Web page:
Saturday, October 31, 2009

My Grandfather

My Papa turns 91 in one month. Everyone describes their grandfather as "the oak". When I was in junior high I wrote a short story about him called "Bringing down the oak", which I think I lifted from a Wall Flowers title.
He is not the most loving or the most important or the most wise member of the family. He is not the pillar or the tent pole. Nothing will collapse with him. But he is the oldest. He is the link to history. I feel that link strongly. He was born in 1918, not one month after WWI ended. He was raised by his grandparents. He was told stores about his great-grandfather Daniel Boone Stover, who was captured by the Confederates, and who escaped. It was a great story that he was told and made to live through by the telling of the story. And he told the story to me and made me live it also.
Papa is not dying. But he is loosing himself. My stepmother calls it phase I dementia. In this state, you still recognize your relatives. You still are aware of what is going on. You are aware that you are looseing your mind. You have a breif window to come to terms with that. Phase II is not so nice. Legally, it is also the point beyond which a relative can do anything to acquire legal status over finances, bank accounts, wills, etc.--if that stuff has not already been taken care of.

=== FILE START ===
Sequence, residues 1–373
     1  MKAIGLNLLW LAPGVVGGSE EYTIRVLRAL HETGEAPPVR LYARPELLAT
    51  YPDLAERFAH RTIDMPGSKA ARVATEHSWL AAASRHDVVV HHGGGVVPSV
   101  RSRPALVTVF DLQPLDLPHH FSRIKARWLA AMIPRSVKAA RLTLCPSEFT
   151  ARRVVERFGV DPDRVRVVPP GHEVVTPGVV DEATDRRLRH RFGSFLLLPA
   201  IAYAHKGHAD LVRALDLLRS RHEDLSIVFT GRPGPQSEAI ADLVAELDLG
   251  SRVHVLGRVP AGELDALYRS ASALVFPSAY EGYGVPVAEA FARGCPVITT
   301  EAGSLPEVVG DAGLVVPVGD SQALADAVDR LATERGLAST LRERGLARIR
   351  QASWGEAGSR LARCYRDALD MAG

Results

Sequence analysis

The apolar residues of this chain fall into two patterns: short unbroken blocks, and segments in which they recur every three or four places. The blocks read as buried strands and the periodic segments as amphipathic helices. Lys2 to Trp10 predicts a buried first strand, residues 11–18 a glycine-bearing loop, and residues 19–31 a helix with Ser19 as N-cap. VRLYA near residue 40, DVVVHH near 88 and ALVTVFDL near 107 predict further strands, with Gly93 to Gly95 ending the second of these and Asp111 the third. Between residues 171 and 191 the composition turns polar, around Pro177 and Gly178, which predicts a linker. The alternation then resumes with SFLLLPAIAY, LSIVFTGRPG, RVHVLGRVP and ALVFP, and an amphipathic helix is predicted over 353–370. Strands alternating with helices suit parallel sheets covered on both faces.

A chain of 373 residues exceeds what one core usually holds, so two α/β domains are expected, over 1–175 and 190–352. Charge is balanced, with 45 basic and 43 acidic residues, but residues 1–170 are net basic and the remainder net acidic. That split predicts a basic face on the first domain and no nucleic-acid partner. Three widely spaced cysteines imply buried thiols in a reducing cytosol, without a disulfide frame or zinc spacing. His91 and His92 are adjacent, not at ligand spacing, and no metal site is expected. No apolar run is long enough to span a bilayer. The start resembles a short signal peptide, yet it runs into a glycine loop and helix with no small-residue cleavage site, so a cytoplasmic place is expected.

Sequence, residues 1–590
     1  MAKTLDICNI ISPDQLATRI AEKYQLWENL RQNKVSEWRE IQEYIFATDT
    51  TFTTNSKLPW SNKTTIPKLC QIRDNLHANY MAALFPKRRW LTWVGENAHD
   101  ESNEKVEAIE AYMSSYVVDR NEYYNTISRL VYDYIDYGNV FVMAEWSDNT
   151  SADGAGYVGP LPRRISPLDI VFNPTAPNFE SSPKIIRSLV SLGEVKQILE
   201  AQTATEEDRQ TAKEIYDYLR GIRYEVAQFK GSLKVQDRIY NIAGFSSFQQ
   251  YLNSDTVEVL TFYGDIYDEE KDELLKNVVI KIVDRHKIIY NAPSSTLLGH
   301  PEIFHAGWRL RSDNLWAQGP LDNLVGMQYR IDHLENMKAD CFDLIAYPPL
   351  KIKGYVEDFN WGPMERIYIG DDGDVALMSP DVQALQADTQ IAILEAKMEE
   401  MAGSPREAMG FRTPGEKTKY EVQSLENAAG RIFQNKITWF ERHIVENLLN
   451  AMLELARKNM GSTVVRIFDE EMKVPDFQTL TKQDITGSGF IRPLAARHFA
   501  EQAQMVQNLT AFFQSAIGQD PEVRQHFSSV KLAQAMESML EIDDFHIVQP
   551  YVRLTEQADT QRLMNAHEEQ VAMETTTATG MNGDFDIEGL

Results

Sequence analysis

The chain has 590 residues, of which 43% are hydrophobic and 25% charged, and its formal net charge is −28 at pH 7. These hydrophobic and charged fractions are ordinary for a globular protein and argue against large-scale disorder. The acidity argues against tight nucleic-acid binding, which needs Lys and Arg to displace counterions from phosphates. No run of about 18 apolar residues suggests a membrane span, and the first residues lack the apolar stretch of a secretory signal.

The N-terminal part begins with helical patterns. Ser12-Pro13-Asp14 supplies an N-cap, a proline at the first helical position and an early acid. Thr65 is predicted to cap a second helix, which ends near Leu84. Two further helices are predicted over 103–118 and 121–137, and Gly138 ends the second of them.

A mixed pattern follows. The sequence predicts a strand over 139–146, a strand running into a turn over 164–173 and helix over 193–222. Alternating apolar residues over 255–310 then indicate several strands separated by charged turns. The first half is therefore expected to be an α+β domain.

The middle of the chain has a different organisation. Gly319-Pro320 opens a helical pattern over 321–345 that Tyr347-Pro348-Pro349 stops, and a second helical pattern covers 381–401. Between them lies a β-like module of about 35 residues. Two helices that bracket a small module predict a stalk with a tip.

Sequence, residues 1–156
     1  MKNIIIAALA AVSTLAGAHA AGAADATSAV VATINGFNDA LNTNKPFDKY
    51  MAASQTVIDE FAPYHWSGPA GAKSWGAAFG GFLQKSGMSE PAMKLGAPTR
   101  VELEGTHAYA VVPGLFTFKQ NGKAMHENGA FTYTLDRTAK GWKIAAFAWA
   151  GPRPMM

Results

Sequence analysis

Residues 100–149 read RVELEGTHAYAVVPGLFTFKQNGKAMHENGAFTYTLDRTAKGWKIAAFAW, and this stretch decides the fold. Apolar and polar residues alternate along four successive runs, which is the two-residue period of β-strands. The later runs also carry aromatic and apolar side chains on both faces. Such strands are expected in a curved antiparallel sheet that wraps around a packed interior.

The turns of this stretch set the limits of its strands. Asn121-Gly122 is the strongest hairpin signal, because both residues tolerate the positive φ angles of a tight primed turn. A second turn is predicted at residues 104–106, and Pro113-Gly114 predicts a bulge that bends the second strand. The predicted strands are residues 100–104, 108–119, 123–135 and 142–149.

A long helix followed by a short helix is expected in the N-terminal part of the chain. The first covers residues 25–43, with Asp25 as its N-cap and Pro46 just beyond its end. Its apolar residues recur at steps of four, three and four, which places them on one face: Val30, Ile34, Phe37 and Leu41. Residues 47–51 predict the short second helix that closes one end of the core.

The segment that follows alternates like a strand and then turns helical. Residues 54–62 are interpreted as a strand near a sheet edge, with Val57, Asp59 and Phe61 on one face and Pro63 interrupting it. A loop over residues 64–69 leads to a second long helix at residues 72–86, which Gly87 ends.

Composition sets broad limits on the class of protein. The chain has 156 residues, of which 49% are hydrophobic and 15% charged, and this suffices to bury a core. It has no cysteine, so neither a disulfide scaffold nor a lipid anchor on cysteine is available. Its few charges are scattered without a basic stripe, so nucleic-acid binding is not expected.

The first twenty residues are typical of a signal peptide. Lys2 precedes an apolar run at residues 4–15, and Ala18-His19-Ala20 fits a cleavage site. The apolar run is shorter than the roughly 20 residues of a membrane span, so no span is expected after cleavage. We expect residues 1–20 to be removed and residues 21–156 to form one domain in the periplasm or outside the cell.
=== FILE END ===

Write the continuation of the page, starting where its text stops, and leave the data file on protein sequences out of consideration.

I talked with him recently. He said he has been having bad dreams. I kept talking about the fact that he was bothered by bad creams. I asked him what happened in these dreams. He said that there are people who he does not know, and he is traveling places he does not want to go. That's all the detail I got out of him. This from the man who doesn't leave his house to visit relatives on Christmas, who has never flown in an airplane. If I believed in the spirit world I might have gotten chills as he described this to me.
The brain unravels. Entropy dictates that is must. Thought, self, memory, imagination, soul--it cannot last forever in its solid, recognizable state anymore than than any form of energy can. I concede God may exist, but an afterlife. Entropy seems to forbid it.

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